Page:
Laptop Studio — Music software reviews, news and info for computer music

19 August 2005

Make music on handheld game consoles

Filed under: Music software at 10:44 am (3 comments)

Modern handheld game consoles are powerful, portable and have pretty good sound capabilities — perfect for making music on the move. There are several ways to make music on these devices– you can work on that killer drum loop on a bus, in a pet shop or while skydiving. Here are a few programs that can help you make music on your portable game console.

The Sony Playstation Portable has PSPKick and PSP Rhythm Composer. PSPKick is a simple drum machine that lets you set up a sequence and play the result or save it to a WAV file. The PSP Rhythm Composer is also just a drum machine, but its interface is based on the Roland TR series drum machines for all you retro freaks out there.

The Game Boy Advance has Nanoloop. “Nanoloop is a synthesizer / sequencer for the Nintendo Game Boy Advance. Stored on a normal game cartridge, it allows to produce nice electronic music without further hardware, using either headphones or an external amplifier (home stereo, active speakers, etc) as sound output.” The interface is minimal, but this is probably appropriate for such a small device. Nanoloop has an 8-voice synth — voices can be a rectangular wave, FM synth or noise. There are filters, envelopes and LFO available. It’s all programmed using an 8-track step sequencer. You can even synchronise up to 4 GBAs together for a group jam session.

Even the plain old Game Boy isn’t left out in the cold — there’s Little Sound Dj: “The basic idea is to transform a plain Game Boy/Game Boy Color into a full-fledged music workstation.” There’s a subtractive synth with resonant filters — you can draw your own waveform! — and an arpeggiator. There are also samples available for drum programming and speech synthesis.

For the Nintendo DS, there’s Nanoloop, which works on this as well as the GBA. There’s also the weird and wonderful Electroplankton. Happy musical plankton bounce around the sea, making harmonious sounds as they move. You can set up their environment to help shape and channel the music they make. There are several different types of plankton, each with different movement and sound characteristics. This is more an interactive fishtank than a music-making tool, but the sounds are lovely and the graphics (as you can see) are simple but beautiful.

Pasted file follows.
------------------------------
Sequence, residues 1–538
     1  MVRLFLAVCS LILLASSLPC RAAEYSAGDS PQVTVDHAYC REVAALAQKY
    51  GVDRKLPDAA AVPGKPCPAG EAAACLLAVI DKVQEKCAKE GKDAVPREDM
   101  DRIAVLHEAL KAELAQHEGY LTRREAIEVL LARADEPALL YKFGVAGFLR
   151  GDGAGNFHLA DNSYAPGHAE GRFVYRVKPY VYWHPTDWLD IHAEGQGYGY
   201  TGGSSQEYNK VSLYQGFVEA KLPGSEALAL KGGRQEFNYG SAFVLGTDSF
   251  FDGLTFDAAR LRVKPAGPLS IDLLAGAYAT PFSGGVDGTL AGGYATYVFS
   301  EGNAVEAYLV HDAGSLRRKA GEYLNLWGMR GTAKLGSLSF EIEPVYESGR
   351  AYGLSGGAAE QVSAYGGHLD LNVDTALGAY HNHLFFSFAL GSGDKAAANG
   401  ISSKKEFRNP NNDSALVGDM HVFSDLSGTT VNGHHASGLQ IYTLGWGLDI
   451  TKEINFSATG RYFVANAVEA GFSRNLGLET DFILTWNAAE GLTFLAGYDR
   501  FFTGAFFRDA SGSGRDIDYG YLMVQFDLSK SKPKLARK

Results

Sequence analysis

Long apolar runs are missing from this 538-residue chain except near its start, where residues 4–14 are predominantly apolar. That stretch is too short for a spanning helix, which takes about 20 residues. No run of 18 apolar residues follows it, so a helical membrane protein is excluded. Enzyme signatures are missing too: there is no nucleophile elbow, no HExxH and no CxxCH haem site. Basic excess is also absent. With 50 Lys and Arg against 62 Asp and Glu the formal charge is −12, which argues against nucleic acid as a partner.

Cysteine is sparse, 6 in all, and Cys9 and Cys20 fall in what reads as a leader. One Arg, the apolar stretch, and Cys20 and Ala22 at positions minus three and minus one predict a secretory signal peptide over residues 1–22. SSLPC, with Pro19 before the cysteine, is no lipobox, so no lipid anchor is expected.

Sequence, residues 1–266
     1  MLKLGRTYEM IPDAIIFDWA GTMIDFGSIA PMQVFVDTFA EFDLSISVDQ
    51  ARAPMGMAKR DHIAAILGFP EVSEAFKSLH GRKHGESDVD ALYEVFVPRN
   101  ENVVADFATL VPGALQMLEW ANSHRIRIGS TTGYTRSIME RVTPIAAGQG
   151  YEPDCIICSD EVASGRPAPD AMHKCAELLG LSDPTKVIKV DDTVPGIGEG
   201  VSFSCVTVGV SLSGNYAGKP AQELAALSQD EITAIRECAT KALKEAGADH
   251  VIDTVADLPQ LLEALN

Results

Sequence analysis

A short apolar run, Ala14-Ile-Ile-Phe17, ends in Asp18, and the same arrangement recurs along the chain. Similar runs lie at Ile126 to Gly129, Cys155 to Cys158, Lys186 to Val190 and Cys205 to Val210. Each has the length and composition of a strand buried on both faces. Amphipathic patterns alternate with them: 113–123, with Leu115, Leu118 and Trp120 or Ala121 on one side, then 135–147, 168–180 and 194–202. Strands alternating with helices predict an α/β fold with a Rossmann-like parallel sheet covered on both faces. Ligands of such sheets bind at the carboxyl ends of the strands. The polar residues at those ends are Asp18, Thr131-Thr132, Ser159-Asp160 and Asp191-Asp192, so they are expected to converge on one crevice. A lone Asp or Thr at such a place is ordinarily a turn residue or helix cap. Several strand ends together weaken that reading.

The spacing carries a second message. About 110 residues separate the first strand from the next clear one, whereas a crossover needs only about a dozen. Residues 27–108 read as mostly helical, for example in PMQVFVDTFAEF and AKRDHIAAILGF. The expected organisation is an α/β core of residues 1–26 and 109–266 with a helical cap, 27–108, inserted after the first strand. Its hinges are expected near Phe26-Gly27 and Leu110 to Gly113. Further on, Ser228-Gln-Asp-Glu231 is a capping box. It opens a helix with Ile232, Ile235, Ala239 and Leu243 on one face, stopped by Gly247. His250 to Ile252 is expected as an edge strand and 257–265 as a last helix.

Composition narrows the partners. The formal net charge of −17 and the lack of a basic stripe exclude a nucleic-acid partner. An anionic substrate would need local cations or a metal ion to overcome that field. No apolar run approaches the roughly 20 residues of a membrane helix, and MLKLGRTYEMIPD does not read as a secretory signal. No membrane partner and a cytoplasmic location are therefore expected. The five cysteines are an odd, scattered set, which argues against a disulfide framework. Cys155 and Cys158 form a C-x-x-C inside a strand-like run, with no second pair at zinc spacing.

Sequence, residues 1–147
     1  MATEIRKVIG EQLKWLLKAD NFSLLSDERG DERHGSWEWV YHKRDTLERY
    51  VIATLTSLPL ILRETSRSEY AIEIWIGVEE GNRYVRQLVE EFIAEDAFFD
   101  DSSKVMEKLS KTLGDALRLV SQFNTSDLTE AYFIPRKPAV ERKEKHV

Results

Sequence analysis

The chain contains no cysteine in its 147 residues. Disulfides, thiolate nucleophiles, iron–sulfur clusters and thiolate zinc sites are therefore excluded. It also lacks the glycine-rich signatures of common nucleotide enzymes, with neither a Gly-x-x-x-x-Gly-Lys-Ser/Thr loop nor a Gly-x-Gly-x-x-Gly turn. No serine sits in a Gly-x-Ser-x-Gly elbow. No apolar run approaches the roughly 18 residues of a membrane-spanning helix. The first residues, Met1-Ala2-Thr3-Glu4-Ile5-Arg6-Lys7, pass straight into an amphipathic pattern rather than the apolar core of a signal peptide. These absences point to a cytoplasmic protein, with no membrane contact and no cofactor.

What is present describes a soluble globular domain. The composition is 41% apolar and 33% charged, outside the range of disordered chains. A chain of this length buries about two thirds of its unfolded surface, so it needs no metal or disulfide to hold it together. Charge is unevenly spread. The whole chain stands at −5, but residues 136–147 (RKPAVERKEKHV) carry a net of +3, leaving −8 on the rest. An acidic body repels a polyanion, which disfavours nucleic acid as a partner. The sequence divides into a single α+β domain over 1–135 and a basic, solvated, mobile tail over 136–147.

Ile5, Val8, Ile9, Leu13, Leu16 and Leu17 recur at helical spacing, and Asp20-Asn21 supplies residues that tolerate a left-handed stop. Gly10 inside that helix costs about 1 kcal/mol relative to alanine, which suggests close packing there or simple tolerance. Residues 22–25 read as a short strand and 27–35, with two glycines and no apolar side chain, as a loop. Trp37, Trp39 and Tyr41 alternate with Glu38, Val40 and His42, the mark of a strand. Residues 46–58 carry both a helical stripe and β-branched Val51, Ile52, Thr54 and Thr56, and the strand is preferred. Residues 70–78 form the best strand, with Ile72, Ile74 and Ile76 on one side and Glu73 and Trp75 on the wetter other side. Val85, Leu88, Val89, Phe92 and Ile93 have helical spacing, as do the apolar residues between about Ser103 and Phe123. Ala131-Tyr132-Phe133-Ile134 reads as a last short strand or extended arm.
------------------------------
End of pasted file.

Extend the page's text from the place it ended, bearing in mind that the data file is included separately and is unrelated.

So the PSP doesn’t have too much going for it yet — Nintendo users have the better option so far. I’m sure more will be in the works. I could see Sony creating a version of Acid for the PSP — now that would be nice.

  1. […] Here’s a fantastic interface for remixing a track. The pop group Erasure has put a version of their recent single Don’t Say You Love Me on the web in a remixable form. The interface is quite lovely — it reminds me of the fabulous Electroplankton music game on the Nintendo DS. The track is represented as a tree, with groups of leaves representing musical qualities like Warmth, Emotion, Heartbeats, Tears and so on. Click a leaf in each group to determine how to play each quality — so you can have Emotion “a la folie” and Skin “beaucoup” and change it on the fly as the track plays. Click the bird to randomise the settings and use this as a starting point to make your own mix. […]

    Beautiful Erasure remix interface on 11 September 2005 at 8:55 pm

  2. […] Electroplankton, the uncategorizable game/sequencer/oddity for the Nintendo DS, is out now in the US. I wrote about it in a previous article about music on handheld game consoles, but now it’s been released outside Japan there’s a bit more English-language information about. Though some of it does sound as if it’s been translated from the Japanese: “It’s tough to slap a label on Electroplankton. It’s not a game, but you play it on a game device. There’s no set purpose to it, but the end result can sweep you up in its charm. Most of all, its innovation sings out loud and true. “ […]

    Electroplankton for Nintendo DS on 10 January 2006 at 7:28 pm

  3. […] Make music On Handheld Game Consoles – Laptop Studio music …The interface is quite lovely — it reminds me of the fabulous Electroplankton music game on the Nintendo DS. Books & magazines; Hardware; Making music; Music reviews; Music software; Web sites … Fetch Document […]

    Music Making Software Nintendo Ds | Best Beat Making Softwares on 8 July 2013 at 10:14 am

Sorry, the comment form is closed at this time.